This week's Saturday Through My Lens features the awesomeness of the Blue Angels, the US Navy Flight Demonstration Squad.
Normally at this point in the summer, we would have just returned from Pensacola and the Blues on the Beach air show.
But the Blue Angels are grounded this year. So no Blues on the Beach.
And even though we enjoyed the other planes at past shows, we made the decision not to go to this year's shows if there were no Blue Angels.
So I'm looking through photos I took at past shows and sharing them with you today.
The Blue Angels show always starts with an appearance by the big guy! Fat Albert is a C-130, the "operational workhorse of the team." Fat Albert has a length of 99'5" and a wingspan of 132'7", and he reaches a cruising speed of 375mph. He has a maximum take-off weight of 155,000 pounds.
But the true stars of the show are the Blue Angels.
The Blue Angels currently fly the F/A 18- Blue Hornet.
The aircraft are removed from the combat fleet and modified with a smoke cannon, low-friction paint, and an additional fuel pump.
The aircraft can fly to a combat ceiling of 50,000 feet and up to a speed of Mach 1.7+, about 1400 mph. But the fastest they go during the show is 700mph, just under Mach 1. It's during the Sneak Pass, where the lead solo scares the crap out of you if you don't know to watch for him.
The F/A 18 has a maximum rate of climb of 30,000 feet per minute. The maximum height they reach during the show is about 15,000 feet during the Vertical Rolls by Opposing Solos. The lowest height during the show is an incredible 50 feet during the Sneak Pass!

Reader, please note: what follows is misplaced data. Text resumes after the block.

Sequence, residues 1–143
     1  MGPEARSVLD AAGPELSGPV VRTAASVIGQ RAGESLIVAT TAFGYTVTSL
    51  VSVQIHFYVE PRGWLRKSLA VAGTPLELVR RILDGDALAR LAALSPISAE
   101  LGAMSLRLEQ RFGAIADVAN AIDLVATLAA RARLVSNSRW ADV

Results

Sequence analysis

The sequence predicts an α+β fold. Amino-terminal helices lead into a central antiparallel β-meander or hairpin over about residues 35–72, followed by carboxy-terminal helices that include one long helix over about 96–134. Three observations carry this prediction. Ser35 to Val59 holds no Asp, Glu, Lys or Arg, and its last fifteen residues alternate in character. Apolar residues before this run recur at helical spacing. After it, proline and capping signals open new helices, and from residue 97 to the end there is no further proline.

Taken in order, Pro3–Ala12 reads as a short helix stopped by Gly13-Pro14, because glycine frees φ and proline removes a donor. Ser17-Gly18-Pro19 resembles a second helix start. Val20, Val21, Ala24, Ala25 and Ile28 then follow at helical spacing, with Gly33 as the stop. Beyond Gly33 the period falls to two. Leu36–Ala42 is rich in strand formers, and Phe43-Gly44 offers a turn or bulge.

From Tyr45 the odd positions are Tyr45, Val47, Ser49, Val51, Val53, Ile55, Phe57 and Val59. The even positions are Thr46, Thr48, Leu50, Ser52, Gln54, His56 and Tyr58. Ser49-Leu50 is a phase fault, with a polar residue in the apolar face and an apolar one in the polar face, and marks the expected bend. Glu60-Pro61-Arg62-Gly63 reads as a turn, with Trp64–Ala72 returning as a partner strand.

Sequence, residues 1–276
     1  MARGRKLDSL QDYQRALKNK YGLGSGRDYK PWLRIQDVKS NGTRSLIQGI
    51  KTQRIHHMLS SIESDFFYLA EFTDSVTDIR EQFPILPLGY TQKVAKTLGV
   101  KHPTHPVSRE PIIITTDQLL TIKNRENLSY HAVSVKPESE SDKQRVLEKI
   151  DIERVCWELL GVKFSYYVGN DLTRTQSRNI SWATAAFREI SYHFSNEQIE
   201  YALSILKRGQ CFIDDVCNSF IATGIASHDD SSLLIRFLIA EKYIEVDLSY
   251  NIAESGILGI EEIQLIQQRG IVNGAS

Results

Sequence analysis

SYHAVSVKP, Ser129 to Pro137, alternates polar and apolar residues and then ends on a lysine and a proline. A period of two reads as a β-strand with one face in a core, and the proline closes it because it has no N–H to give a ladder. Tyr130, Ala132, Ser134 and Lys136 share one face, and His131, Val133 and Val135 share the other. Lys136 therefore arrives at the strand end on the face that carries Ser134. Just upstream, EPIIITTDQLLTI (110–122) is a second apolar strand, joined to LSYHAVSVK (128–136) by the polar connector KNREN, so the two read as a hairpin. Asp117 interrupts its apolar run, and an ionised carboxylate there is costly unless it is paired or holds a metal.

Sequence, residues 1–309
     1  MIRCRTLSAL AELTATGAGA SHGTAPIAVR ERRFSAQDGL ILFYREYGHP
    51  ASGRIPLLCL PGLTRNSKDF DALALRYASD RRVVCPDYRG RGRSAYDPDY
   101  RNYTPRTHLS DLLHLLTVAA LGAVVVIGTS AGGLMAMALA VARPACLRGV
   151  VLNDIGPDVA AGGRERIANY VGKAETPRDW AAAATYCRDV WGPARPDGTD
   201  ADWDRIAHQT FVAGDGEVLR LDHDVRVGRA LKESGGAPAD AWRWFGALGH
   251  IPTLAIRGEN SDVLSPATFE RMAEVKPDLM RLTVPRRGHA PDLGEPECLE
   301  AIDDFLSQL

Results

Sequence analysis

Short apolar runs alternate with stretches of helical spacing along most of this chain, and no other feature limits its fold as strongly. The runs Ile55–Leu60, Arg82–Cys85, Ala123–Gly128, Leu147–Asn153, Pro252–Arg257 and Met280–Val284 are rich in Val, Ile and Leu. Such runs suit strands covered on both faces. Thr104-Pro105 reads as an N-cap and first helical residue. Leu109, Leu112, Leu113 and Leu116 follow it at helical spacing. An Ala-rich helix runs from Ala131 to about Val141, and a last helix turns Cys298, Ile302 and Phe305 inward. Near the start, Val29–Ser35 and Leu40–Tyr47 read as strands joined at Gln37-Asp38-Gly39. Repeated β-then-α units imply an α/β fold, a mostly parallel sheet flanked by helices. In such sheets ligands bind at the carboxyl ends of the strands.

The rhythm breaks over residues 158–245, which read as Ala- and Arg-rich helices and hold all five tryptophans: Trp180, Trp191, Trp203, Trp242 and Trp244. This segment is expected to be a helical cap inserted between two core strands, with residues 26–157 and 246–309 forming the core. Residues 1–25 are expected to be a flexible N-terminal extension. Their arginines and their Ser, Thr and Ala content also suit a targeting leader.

The "tricks" they do are breathtaking, and it is amazing to see the skill, precision, and daring of these incredible pilots.
During one especially hairy part of the show, The Diamond 360, the planes come within 18 inches of each other. Yep, INCHES.
I love the roar of the engines, the unbelievably loud rumble that you hear not only with your ears, but with your heart, your soul, your entire body and being.
It gives me a feeling of exhilaration, a sense of excitement, and a chest-swelling dose of national pride.
They actually fly so fast that it somehow makes some sort of condensation on the wings and around the aircraft. Dad explained it to me, and I even looked it up on the internet (PRANDTL-GLAUERT) but I still don't get it.
I don't really care if I don't understand how it all works and how they do it all. I just really, really enjoy watching them do it.
So here's to hoping the economy picks back up! For many many many reasons for many many many people. But also because then the Blue Angels can fly again!
2014 Blues on the Beach, anyone?
All facts are courtesy of the Blue Angels website.